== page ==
By JOSH COTTON
A documentary producer and Irish journalist, who has been featured in segments on BBC, CNN and Fox News, is coming to Warren.
Phelim McAleer will be the keynote speaker at the Warren County Republicans' spring dinner to be held at the Holiday Inn on Friday night. He will also be in Warren for a Sunday screening of his recently-released documentary "FrackNation", which explores the issue of hydraulic fracturing in oil and gas development. That screening will take place at 4 p.m. at the Warren Mall.
Warren County Republican Party Chairman David Bauer said that McAleer's stops in Warren are part of a regional tour which includes Franklin as well as stops in Jamestown and Lake Huntingdon, N.Y. and Wheeling, W.V.
"In different years, we've talked about having speakers different than political speakers (but) never seemed to come across the right person," Bauer said, explaining that the barrier, typically, is cost. "In this case, we got to thinking about the issue," he said. "Oil and gas is so important for our county and our region."
Viewing the press on the fracking issue as largely negative, Bauer said that the local GOP's goal in bringing McAleer to Warren is enhancing public education on the issue.
"We decided to make an investment in this, (an) investment in education for our community," he said, explaining that highlighting issues is "an important part of what we want to do in the community. This is an important issue that we think people should be educated about."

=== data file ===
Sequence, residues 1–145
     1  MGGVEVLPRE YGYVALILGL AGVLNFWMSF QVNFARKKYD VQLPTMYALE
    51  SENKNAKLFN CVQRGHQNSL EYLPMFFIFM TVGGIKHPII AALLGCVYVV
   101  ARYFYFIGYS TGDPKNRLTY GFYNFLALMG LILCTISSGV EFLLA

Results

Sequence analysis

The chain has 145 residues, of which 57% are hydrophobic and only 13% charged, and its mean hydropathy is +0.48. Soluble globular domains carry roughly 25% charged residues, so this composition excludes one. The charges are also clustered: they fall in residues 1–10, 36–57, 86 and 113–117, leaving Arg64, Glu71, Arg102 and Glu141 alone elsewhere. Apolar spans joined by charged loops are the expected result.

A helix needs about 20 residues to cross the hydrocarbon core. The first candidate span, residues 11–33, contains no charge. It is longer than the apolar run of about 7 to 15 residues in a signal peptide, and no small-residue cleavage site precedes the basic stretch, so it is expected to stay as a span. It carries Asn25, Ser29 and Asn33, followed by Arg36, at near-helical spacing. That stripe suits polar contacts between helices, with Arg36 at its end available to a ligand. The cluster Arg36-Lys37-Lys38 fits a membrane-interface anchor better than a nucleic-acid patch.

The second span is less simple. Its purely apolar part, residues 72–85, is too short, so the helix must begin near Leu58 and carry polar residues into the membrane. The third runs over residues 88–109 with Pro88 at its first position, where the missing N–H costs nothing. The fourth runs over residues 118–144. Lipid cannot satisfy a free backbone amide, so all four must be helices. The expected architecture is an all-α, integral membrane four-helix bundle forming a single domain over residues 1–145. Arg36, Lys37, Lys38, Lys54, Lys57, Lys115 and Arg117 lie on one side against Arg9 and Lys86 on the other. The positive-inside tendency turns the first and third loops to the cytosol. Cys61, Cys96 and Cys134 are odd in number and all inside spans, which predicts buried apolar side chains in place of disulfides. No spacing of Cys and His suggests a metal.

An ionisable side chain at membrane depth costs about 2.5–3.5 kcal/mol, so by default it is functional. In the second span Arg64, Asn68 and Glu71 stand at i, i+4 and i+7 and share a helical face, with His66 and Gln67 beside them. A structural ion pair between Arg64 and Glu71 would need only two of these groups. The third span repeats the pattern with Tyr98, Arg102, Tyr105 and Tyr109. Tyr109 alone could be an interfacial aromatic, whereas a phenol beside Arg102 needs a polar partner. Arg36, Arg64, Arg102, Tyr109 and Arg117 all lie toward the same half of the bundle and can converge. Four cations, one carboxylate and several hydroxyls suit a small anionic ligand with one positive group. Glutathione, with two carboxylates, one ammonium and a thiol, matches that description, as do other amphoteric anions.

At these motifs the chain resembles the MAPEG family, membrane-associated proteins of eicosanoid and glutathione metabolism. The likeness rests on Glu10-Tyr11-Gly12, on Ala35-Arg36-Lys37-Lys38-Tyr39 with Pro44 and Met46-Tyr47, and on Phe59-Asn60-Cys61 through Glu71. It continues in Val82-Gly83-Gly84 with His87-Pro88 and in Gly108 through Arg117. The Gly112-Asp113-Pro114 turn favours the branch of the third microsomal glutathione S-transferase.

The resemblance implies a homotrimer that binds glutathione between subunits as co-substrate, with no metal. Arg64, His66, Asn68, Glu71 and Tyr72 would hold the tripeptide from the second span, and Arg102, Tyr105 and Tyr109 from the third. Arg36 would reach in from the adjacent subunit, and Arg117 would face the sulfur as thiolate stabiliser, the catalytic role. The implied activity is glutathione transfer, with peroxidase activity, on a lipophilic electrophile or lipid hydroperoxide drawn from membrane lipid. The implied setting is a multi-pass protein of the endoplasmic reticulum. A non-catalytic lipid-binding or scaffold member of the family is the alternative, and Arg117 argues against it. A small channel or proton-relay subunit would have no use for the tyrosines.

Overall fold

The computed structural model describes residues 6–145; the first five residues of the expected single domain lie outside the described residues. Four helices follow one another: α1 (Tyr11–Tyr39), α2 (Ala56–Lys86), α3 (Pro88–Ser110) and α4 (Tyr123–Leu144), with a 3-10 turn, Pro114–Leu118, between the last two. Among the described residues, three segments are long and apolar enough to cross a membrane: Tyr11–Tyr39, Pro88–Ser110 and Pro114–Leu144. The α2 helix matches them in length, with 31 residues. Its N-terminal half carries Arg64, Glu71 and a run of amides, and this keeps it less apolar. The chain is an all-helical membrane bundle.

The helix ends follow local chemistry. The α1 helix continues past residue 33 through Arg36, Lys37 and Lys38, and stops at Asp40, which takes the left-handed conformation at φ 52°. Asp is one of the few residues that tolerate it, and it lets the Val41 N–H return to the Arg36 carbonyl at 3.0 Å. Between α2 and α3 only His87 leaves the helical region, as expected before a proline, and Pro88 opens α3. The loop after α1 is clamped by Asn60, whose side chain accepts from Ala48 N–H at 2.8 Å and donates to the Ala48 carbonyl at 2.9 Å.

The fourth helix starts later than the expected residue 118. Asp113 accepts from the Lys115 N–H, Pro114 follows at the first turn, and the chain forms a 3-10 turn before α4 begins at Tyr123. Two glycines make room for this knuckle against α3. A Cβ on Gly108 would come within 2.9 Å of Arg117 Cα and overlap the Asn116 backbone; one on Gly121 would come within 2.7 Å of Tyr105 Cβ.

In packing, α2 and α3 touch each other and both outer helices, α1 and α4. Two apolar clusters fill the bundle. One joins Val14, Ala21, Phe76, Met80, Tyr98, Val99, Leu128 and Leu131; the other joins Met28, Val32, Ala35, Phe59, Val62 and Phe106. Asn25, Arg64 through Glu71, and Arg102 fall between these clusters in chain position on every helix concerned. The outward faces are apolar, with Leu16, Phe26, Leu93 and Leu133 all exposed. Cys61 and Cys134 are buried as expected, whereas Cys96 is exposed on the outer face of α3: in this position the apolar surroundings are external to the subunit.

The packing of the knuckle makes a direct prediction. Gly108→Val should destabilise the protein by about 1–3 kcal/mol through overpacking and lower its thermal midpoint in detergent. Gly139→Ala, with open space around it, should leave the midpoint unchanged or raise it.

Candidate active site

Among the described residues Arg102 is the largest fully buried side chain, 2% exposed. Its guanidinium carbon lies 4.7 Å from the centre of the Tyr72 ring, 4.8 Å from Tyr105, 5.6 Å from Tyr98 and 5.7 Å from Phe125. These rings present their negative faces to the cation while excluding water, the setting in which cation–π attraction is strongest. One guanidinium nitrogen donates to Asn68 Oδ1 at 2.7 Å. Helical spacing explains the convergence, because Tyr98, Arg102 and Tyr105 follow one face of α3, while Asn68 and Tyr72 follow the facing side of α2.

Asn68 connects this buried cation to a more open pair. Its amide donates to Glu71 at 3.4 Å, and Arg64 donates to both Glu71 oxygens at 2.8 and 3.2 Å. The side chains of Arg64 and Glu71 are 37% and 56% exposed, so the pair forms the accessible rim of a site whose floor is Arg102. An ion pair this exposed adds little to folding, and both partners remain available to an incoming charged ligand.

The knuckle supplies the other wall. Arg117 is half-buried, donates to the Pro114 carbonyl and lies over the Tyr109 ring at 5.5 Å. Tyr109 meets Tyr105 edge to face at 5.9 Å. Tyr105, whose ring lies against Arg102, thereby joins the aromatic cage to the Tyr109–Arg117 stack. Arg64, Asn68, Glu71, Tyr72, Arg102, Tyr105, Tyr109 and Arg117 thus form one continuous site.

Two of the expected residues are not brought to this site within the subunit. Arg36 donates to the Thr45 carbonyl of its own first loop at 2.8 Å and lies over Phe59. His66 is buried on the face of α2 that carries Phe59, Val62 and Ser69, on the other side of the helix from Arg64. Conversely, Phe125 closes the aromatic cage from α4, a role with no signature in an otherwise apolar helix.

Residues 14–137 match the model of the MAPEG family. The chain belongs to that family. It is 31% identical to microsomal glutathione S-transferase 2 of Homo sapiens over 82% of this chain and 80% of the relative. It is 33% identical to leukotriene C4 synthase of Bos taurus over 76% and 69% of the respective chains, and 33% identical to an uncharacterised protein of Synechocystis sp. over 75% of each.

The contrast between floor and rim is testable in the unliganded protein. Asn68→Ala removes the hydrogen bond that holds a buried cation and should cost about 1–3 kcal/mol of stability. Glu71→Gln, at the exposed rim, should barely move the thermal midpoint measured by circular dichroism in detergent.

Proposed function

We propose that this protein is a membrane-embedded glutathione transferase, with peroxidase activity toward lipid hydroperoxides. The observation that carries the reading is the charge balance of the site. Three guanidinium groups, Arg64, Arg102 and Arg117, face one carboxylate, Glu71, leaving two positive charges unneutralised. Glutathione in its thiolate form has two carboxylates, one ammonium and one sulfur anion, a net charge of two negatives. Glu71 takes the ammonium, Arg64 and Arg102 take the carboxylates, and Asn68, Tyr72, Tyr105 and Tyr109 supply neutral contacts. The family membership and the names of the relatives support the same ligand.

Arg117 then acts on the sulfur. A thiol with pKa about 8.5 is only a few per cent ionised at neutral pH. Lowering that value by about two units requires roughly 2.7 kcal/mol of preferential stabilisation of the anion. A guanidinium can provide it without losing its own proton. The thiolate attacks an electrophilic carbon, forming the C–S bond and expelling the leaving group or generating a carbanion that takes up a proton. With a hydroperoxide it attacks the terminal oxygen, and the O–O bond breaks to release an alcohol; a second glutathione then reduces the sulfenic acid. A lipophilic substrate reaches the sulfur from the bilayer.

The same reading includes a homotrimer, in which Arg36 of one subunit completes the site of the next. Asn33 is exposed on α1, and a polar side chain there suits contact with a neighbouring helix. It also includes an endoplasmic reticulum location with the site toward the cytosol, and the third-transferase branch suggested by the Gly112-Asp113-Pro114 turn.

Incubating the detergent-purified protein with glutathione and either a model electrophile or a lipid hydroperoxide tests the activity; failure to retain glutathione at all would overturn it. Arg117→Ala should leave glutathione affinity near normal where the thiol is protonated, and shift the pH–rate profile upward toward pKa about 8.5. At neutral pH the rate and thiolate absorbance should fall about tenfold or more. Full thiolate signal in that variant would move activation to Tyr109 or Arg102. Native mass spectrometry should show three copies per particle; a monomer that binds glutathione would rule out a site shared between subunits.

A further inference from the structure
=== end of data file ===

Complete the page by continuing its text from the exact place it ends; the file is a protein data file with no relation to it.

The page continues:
McAleer brings a unique look at the issue of whether fracking poses various health concerns.
"The perspective that is really plain and straight forward is really telling the story through the people whose lives are impacted by the issue," Bauer said. "(It is) quite surprising to hear it's their perspective that the movie is about, not his, (but) what is really going on here. We think that's a really great approach."
We really do want people to be aware of the movie screening at the Warren Mall. That is free. It's open to the public," he said, contrasting that to the dinner where there is a cost. "We think people should come out and watch that. We intend to donate copies of the movie to all of the county and school libraries. We think it's a great education tool for people to have."